Prague, 5 January 1999 (RFE/RL) -- Azerbaijan, Kazakhstan, and Turkmenistan have large deposits of crude oil and natural gas, the exploitation of which plays a major role in their economies.
Despite the fact that Azerbaijan and Turkmenistan have been slow economic reformers, they, like Kazakhstan, have succeeded in attracting large volumes of foreign direct investment (FDI) into the fossil fuel sector.
Kazakhstan received $3.2 billion in oil and gas-related investment from 1993 through June 1998, while Azerbaijan's oil sector attracted 1.8 billion in FDI from 1994 through June 1998. This investment helped to make these countries the main recipients of such investment per capita in the CIS.
Oil currently represents about 65 percent of Azerbaijani exports and more than 80 percent of the FDI that it has received, while in Kazakhstan the oil and gas sector accounts for about a quarter of exports and two-thirds of FDI (although the latter figure varies widely from year to year).
Nonetheless, the production of oil and gas has not increased rapidly in any of the three countries; none is currently a major producer of these commodities on the world market. Pipeline routings remain a contentious issue, with economic and geopolitical considerations (especially the U.S. desire to minimize Russian and Iranian involvement) often conflicting. Accordingly, it is unlikely fossil fuels will contribute substantially to economic growth in these countries over the next few years.
International oil and gas companies are currently sending mixed signals about the prospects for oil and gas development in the Caspian region. A number of such companies have closed down their operations recently. For example, Unocal announced last month that it was withdrawing from all Caspian projects except those based in Azerbaijan. But the next day, Shell, Chevron, and Mobil signed a new agreement with Kazakhstan on oil exploration in the Caspian.
Production data reveal largely declining trends, at least through the end of 1997. Azerbaijan produced 9 million tons of crude oil in 1997, down from 12.5 million in 1990, while Kazakhstan's oil production in 1997 was virtually unchanged from the 1990 level.
The most striking case is Turkmen gas extraction, which plummeted from 88 billion cubic meters in 1990 to 17 billion in 1997. Since gas represents two-thirds of both GDP and exports in a normal year (for example, in 1994), this collapse in gas production had dire consequences for the economy, with GDP declining by some 26 percent in 1997.
The decline in Turkmen gas production, which is all the more striking in a country with a good sectoral infrastructure and the world's fourth largest gas reserves, occurred in two stages. At the beginning of 1994, a dispute with Gazprom caused the Russian gas giant to refuse to allow into its pipeline Turkmen gas bound for Europe. A visit to Ashgabat last November by Russian State Duma speaker Gennady Seleznyov failed to resolve the dispute.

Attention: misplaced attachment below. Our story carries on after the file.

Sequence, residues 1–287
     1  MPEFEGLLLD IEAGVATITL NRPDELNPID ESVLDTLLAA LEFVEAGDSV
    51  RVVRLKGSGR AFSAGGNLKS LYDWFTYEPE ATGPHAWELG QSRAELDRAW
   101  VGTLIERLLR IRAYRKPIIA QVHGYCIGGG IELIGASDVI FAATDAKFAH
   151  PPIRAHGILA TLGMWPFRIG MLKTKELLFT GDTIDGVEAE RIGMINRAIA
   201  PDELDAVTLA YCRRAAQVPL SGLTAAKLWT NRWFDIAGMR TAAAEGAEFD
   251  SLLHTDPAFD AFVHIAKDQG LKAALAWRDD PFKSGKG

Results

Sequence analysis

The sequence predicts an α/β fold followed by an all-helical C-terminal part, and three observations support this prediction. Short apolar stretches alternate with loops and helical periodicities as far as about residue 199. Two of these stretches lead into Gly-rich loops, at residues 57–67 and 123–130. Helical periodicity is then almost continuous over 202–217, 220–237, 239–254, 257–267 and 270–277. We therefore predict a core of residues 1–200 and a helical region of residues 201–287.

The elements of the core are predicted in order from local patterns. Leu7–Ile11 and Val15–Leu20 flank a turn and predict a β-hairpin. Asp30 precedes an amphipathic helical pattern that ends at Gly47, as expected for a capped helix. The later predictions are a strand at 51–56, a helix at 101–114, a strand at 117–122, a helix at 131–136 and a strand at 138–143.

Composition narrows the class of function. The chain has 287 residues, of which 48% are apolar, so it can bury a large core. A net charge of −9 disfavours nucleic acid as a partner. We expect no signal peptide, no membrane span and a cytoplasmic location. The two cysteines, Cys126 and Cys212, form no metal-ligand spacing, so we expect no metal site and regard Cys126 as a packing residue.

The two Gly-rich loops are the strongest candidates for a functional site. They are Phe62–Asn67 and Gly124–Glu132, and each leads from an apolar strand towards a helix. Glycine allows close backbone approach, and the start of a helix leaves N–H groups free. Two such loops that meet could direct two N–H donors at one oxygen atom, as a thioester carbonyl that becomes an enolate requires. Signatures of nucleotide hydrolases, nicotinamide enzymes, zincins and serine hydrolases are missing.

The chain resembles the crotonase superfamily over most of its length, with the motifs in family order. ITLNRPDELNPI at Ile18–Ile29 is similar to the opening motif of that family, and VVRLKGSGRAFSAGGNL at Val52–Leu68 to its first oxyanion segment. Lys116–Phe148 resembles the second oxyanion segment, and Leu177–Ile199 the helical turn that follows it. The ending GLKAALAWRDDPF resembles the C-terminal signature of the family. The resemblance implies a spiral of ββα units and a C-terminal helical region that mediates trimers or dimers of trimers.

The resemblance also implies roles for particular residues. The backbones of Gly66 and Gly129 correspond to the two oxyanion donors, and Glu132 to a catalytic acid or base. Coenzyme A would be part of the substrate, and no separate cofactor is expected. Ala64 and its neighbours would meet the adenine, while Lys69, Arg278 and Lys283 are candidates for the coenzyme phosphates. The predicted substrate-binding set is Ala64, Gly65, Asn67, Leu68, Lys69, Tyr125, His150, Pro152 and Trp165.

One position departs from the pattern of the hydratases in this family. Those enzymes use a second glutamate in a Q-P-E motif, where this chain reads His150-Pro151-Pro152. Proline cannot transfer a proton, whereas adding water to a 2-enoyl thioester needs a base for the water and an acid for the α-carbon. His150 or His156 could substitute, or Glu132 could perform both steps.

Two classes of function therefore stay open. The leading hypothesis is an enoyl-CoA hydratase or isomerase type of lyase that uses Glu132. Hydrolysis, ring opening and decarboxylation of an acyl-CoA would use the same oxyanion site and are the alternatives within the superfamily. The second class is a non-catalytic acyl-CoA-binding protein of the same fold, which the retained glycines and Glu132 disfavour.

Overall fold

Earlier, in March 1997, the government halted gas exports to CIS partners Armenia, Georgia, and Ukraine because those countries had built up large arrears to it for earlier deliveries. However, at the end of 1998, Turkmenistan and Ukraine signed an agreement that would allow the flow of Turkmen gas to resume to Ukraine.
Although there are grounds for optimism that fossil fuels will, in the long run, play a major role in the three countries' economic development, a lot of problems must be resolved first.
World economic conditions are unfavorable at present. Not only are prices low, but investors are leery of putting money into CIS countries after the collapse of the Russian economy. And a number of large oil and gas projects are coming on stream outside the region.
Moreover, developing countries have rarely genuinely benefited from oil and gas booms. Large inflows occurring in the sector contribute to strong exchange rates, which make it difficult to export other goods. In countries without transparent and efficient government sectors and with considerable regional or social inequality, revenues flowing into state coffers often benefit only tiny elites. Governments frequently spend oil money before it is earned and make commitments on which they cannot renege when oil prices fall.
Azerbaijan, Kazakhstan, and Turkmenistan seem likely to suffer from these problems. Only Kazakhstan has a diversified economy, although even in that country, there is concern that the government is counting excessively on oil and gas. One encouraging sign is Turkmenistan's attempt to diversify its economy by building 50 joint venture textile plants. Another is Kazakhstan's pension reform, under which pensions are based on the retiree's contributions during his working life rather than paid out of a large state fund (a tempting target for government misuse) fueled by the contributions of current workers.
(The author is a research scholar at the International Institute for Applied Systems Analysis in Laxenburg, Austria.)